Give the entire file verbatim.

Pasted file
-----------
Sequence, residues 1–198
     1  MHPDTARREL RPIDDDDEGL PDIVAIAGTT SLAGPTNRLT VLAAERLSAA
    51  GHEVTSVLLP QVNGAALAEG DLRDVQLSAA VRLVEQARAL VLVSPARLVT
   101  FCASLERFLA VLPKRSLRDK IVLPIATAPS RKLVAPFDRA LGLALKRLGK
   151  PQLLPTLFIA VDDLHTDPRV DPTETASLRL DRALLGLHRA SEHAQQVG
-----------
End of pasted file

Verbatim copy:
Sequence, residues 1–198
     1  MHPDTARREL RPIDDDDEGL PDIVAIAGTT SLAGPTNRLT VLAAERLSAA
    51  GHEVTSVLLP QVNGAALAEG DLRDVQLSAA VRLVEQARAL VLVSPARLVT
   101  FCASLERFLA VLPKRSLRDK IVLPIATAPS RKLVAPFDRA LGLALKRLGK
   151  PQLLPTLFIA VDDLHTDPRV DPTETASLRL DRALLGLHRA SEHAQQVG